Rouf Dar on that ever tightening zaal of India
Mirza Waheed in his second novel “The Book of Gold Leaves” introduced, what might appear to foreign, non-contextual readers a fictitious creation but, a realistic character in Kashmir known as the zaal. Describing it, Mirza says it was a “beast of dust” which made frequent rounds of the streets and trapped people who stood nearby, whisking them away to interrogation camps and subsequent disappearance. It was an ensemble of terror, violence and state-sponsored brute force. Mirza’s description emanated from a reality and had actual instances of forces trapping civilians using every possible method at their disposal.
It is 2016, two years after the above-mentioned novel appeared in the public, and Kashmir is up again, against the might of Indian state yearning to snatch it’s right to self-determination. As forces were unable to control and quell an angered, simmering population, pellets, teargas shells and bullets — which can be fired from a safer distance — became weapons put into use as a daily routine. This caused maximum number of casualties in first few weeks of the agitation itself. Such brute force was acknowledged by the Indian parliamentarians as well and dubbed as something not even used by Israelis on Palestinians.
I am reminded of the zaal because that is exactly how the forces work and operate while cracking down on profreedom people (and no, the latter are more than 5%). Rakshaks and Bokhtarbands, the bulletproof vehicles coloured white and black respectively, resemble the zaal in a very analytical manner. To make arrests, forces board them and leave for their chosen area. Along the way they bundle up people, mostly youth, in these vehicles and drop them at their camps. Their swiftness allows almost negligible time to the locals to announce an emergency and act accordingly.
As the spree of arrests gathered speed, SP Vaid, a top police official, in a statement said that begunaah (innocent) youth will be released soon. Who are those “innocents” who will be freed (if anyone is freed at all)? How did his forces make these arrests? Yes, acknowledging the fact that the occupier’s intelligence trap is wide and intricate, but do they ever care for their prey. Is there any bar, any criteria for one to end up in their dark dungeons. Is there, and do they possess, a filtering mechanism to segregate “criminals” from the “innocent”. Isn’t the identity of a Kashmiri all that matters, and has mattered.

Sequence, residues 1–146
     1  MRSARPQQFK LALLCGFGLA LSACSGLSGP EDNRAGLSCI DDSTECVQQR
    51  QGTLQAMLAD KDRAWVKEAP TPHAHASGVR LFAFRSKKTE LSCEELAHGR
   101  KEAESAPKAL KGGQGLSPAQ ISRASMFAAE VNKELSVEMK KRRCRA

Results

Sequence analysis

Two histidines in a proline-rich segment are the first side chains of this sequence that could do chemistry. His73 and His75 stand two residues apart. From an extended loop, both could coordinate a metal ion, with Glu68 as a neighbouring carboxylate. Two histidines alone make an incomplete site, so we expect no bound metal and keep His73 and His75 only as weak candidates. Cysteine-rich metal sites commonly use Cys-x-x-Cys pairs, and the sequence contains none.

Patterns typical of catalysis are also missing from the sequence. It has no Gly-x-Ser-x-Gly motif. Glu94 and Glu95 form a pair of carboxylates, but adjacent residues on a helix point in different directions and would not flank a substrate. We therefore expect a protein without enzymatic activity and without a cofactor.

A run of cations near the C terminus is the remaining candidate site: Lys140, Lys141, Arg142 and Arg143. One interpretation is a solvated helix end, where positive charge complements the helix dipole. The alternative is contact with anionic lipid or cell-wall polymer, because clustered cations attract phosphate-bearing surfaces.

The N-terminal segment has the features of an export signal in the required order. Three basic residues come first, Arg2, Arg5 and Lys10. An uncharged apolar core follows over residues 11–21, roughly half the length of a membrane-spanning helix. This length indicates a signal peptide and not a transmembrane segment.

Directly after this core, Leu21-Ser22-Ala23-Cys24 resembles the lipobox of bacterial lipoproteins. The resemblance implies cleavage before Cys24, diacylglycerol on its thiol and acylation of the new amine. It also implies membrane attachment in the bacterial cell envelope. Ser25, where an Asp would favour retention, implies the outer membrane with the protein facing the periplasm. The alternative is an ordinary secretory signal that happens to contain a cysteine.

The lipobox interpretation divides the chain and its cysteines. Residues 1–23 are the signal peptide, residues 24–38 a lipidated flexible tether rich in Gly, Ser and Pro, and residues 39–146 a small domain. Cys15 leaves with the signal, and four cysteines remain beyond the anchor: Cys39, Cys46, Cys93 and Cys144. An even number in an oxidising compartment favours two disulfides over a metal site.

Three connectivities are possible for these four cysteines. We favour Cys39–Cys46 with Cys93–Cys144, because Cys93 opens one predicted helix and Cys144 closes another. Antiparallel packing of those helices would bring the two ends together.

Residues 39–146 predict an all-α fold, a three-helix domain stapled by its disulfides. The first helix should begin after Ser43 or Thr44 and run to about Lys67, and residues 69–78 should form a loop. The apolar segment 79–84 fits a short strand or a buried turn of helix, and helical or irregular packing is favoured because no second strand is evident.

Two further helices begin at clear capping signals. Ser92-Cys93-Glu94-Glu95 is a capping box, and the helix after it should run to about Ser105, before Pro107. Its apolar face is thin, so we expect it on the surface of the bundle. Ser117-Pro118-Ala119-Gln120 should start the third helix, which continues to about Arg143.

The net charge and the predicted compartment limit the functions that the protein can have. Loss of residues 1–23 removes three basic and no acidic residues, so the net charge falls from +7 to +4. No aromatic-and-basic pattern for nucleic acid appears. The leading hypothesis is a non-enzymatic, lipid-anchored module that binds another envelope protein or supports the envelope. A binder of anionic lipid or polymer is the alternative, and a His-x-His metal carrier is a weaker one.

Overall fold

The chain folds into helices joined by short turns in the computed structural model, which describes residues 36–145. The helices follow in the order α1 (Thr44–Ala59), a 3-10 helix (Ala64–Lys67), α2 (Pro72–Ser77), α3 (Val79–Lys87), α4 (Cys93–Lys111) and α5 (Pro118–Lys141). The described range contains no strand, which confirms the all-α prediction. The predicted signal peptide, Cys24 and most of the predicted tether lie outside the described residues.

The great Indian killing machine is hell-bent upon eliminating Kashmiris when young. Those killed, injured and arrested form the young blood of this nation. Nasir Shafi, tortured to death, in the outskirts of Srinagar was 11. Khushboo, who died of cardiac arrest amid shelling in Shopian, was 13. Danish Sultan, who was chased by forces and jumped into Jehlum to die a less painful death, was 12. A multitude of youth fell to the bullets and pellets of forces this year. Another crop, 6000 to be precise, lay in the numerous prisons under draconian acts and otherwise. The zulm of the zaal is uniform. Among the 6000 arrests, and the number is increasing everyday, who can be tagged innocent and who guilty?
While education minister of the colony is busy concerned much about education, in an apparently cloaked bid to restore normalcy, his forces are busy sending young teenagers to graves instead of schools. Books have lost their owners. Bags have lost the shoulders that used to carry them. A college lost its prospective professor. AMU lost its postgraduate whose death arrived prior to his 3rd semester results. This is Kashmir where, before anything else, nothing is guaranteed but death. To assure the death of a revolution of the collective, 102 companies of the occupier’s troops have set foot in the valley since this agitation began on July 9.
Into the third month, as people began to get involved in annual harvesting, and others concerned about the nonavailability of daily wages, forces stepped up counter processes, or punishment to use an accurate term. This includes ransacking houses, vandalising property, plundering jewellery, harassing families and terrorising the whole locality into submission. This has also included setting ablaze paddy crop, damaging transformers, destroying apple fruit and running over dumb creatures like horses to death. They take one village, one area at a time. In the darkness of eerie nights, they leave their camps and unleash dark horror. They attack behind the back when people fall asleep, when they know it shall take time for people to make sense of what is happening.